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NG9-1-1 puts GIS on its map

Canada is preparing to write a new chapter in public safety and emergency services. The Canadian Radio-television and Telecommunications Commission (CRTC) has mandated telecommunications service providers to upgrade the current analog-based national 9-1-1 system to digital-based Next-Generation 9-1-1 (NG9-1-1) by June 2020. 9-1-1 Emergency Communications Centres are expected to begin transitioning to the new NG9-1-1 ecosystem shortly thereafter. Find out more about the role of GIS in the implementation of NG9-1-1. 

Implementing NG9-1-1 won’t be an easy task; instead, it will require many local, provincial and national organizations to collaborate. Most importantly, there will be a learning phase for many organizations as tabular-based 9-1-1 location databases transition to using GIS services to help deliver improved data, more types of data, event location data and routing of emergency calls to the appropriate 9-1-1 Emergency Communications Centre (ECC).

You may ask what goes into making NG9-1-1 a reality? And more specifically, what role does GIS play in public safety and especially, in the implementation of this new emergency communications infrastructure?  

To help answer these questions and others, we are compiling a series of articles and thought-leadership content by experts, who are a part of this implementation process in Canada. The articles will explain various aspects of public safety emergency response and their relationships (sometimes complex) with GIS systems. Our upcoming posts will discuss each function and how GIS systems and services interact providing benefit to the public safety community.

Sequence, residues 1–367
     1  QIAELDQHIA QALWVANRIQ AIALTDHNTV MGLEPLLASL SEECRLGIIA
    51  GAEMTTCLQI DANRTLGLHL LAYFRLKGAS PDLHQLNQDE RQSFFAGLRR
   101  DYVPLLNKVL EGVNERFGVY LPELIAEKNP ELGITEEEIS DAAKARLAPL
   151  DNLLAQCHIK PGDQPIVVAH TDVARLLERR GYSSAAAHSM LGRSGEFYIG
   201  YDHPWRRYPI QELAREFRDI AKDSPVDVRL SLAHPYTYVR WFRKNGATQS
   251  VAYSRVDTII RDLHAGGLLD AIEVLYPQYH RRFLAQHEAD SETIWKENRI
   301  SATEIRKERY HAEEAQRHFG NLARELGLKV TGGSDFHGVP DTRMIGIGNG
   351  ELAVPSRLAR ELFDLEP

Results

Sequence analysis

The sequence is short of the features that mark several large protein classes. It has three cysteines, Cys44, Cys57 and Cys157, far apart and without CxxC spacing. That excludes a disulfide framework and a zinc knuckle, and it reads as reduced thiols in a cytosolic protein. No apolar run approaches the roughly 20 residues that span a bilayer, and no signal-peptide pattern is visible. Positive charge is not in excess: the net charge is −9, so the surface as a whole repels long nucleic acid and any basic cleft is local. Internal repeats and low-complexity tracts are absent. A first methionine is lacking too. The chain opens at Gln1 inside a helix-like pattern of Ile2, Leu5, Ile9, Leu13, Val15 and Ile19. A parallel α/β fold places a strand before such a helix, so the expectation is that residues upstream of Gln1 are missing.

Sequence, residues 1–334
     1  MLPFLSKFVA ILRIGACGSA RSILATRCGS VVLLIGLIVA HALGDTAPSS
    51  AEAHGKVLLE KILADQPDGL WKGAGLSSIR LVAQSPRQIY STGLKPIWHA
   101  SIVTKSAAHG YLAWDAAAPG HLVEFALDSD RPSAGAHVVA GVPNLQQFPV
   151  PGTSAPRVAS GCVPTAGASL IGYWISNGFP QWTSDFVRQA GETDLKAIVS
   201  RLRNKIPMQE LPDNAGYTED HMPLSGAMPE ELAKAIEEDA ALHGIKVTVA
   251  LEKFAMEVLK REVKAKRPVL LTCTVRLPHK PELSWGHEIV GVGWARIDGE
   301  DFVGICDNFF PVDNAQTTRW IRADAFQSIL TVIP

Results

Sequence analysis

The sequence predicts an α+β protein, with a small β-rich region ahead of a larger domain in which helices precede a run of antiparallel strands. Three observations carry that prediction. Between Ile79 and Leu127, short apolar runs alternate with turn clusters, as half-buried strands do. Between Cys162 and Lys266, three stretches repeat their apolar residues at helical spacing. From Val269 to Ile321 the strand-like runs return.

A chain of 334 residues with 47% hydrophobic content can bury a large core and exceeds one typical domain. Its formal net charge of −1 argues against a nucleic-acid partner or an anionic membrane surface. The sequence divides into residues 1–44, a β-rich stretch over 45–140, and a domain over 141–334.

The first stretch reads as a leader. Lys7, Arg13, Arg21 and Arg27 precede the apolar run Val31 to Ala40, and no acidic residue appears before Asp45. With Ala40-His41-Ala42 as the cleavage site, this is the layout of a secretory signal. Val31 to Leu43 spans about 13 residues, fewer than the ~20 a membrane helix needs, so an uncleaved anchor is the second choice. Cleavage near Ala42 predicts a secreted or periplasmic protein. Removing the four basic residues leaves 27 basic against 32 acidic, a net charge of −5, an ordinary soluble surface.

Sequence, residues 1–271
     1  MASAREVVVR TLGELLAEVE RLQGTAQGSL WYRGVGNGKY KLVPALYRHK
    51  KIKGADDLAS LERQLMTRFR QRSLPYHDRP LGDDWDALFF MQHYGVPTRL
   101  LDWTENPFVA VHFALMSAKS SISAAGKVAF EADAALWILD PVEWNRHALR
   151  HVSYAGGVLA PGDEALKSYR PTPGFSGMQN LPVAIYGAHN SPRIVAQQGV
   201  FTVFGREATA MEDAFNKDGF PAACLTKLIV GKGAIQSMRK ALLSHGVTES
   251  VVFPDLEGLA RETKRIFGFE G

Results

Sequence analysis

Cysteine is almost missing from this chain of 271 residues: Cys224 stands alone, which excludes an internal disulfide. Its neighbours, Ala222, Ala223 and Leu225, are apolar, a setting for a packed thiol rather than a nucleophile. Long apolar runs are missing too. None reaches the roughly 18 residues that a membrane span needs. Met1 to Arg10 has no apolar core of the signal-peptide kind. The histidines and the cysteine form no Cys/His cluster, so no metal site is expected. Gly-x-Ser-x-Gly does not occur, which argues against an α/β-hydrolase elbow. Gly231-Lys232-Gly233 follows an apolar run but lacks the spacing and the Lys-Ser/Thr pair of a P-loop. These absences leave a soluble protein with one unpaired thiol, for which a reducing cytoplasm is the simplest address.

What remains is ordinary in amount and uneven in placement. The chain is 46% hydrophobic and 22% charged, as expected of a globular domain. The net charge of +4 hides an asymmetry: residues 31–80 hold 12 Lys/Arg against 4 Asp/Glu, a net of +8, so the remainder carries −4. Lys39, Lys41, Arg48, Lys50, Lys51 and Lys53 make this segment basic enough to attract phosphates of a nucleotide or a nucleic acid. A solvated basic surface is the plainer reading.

Let me introduce our first expert in this series of articles: Holly Barkwell, President and CEO of BH Group Inc., and the Canadian Region Director of the National Emergency Number Association (NENA). With more than 25 years of experience working with public safety agencies, Holly is an active participant in national and regional regulatory working group subcommittees and is working hard to promote NG9-1-1 operations and policy planning in Canada.

Over to Holly Barkwell. 

Hooray! The new IP technology-based NG9-1-1 platform is almost ready in Canada! But, you may wonder why the switch to a new infrastructure is necessary in the first place. The answer is quite simple. As consumer mobile devices continue to increase in popularity and functionality, the public expects to contact 9-1-1 from anywhere on any device.

The existing platform, however, is analog-based and never designed to carry new types of data or texting traffic; mobile data was shoehorned onto the existing platform at the expense of functionality. Once the switch to NG9-1-1 is complete, the conduit from a caller to the 9-1-1 Emergency Communications Centre (a.k.a Public Safety Answering Point or PSAP), will be completely digital and capable of transmitting requests for help from existing devices and new sources as they become available.

Transition planning for the existing analog-based 9-1-1 call handling environment to the new digital NG9-1-1 ecosystem is well underway across Canada.  As 9-1-1 call handling migrates onto the Emergency Services IP Network (ESInet), the tools PSAPs and ECCs use will also evolve. These changes will affect how existing and future GIS data is transmitted, manipulated, interpreted and ultimately stored. Although changes won’t occur right away, it’s time to get to work because the timelines are fixed based on CRTC decisions. According to CRTC decision 2017-182, service providers may begin decommissioning the existing analog 9-1-1 network as of June 2023.